Financial Times House Editorial Refutes Associate Editor Who Criticized French Magazine For 'Baiting' Muslims

January 7th, 2015 6:14 PM

This afternoon, Matt Balan at NewsBusters covered Tony Barber's disgraceful evening (London Time) column at the Financial Times. In the wake of the terrorist attack at the French satirical publication Charlie Hebdo which killed 12, Barber argued that "some common sense would be useful at publications such as Charlie Hebdo, and Denmark’s Jyllands-Posten." In other words, after sifting out the myriad paragraphs of weasel words and historical rehashes, Barber was contending that these outlets should self-censor to protect jihadists' delicate sensibilities.

Balan indicated that Barber is an associate editor at the Times, so readers could very well have interpreted the columnist's take as speaking for the newspaper. That is not so, as seen in its house editorial (HT Hot Air):

A murderous attack on freedom of expression
The right of Charlie Hebdo to lampoon religion should not be in doubt

The bloody assault on the offices of the French satirical magazine, Charlie Hebdo, can only provoke the most profound revulsion. This was a dreadful terrorist atrocity that has claimed the lives of at least 12 innocent people.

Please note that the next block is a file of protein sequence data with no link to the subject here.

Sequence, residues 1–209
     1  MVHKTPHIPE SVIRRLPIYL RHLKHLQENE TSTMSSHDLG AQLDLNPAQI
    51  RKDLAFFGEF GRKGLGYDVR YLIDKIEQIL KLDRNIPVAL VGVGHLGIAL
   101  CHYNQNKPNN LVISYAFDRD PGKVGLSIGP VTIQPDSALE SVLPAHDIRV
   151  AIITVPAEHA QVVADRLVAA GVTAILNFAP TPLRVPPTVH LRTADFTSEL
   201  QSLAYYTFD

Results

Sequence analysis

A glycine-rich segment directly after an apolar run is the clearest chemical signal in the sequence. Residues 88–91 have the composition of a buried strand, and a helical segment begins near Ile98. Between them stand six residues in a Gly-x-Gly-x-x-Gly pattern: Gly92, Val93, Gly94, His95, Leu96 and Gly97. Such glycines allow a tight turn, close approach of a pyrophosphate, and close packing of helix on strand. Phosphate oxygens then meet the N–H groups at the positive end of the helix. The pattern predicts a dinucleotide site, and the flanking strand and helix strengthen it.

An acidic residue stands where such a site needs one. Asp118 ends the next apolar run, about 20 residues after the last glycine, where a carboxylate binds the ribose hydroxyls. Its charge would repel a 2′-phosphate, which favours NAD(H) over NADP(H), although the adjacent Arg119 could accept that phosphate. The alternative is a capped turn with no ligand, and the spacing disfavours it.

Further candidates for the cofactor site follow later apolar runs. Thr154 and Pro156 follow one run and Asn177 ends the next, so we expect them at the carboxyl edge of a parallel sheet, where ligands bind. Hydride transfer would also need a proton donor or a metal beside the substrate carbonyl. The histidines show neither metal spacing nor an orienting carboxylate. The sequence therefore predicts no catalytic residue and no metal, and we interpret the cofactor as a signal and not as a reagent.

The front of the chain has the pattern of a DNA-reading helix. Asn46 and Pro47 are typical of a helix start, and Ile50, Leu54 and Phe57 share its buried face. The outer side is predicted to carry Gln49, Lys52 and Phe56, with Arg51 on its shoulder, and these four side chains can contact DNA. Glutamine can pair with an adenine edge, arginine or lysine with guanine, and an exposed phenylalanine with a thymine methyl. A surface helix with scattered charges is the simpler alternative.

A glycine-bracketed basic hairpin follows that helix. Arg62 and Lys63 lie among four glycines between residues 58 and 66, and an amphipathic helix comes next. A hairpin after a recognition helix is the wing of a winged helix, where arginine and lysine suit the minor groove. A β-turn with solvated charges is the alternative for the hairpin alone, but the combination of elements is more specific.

Our first response must be to mourn the victims, four of whom were the magazine’s well-known cartoonists and two of them police officers. But this was more than a human tragedy. It was a calculated act of intimidation, an attack on the freedom of expression that is the pillar of any democratic society. It was designed to seed an insidious form of self-censorship. It must be roundly and defiantly condemned.

... Wednesday’s events mark a new and sinister step in the escalating conflict between faith and free expression. The sight of two masked men wielding AK-47s in the middle of a European capital, gunning down policemen and stalking the magazine’s offices in search of their victims, will understandably send a chill throughout the western world.

... the broader challenge is for politicians and the public to cleave to France’s core secular values and express defiance without stoking the fires of blind revenge.

... In any democratic society, there should always be room for a civilised debate about taste and propriety when it comes to the mockery of any religious faith. But what cannot be challenged is the fundamental right of all citizens to express themselves freely within the law.

... The response of the free world to this must be unwavering. Charlie Hebdo may be a very different publication to our own, but the courage of its journalists — and their right to publish — cannot be placed in doubt. A free press is worth nothing if its practitioners do not feel free to speak.

It's gratifying to see the FT holding firm, even as one of its associated editors has failed to.

Cross-posted at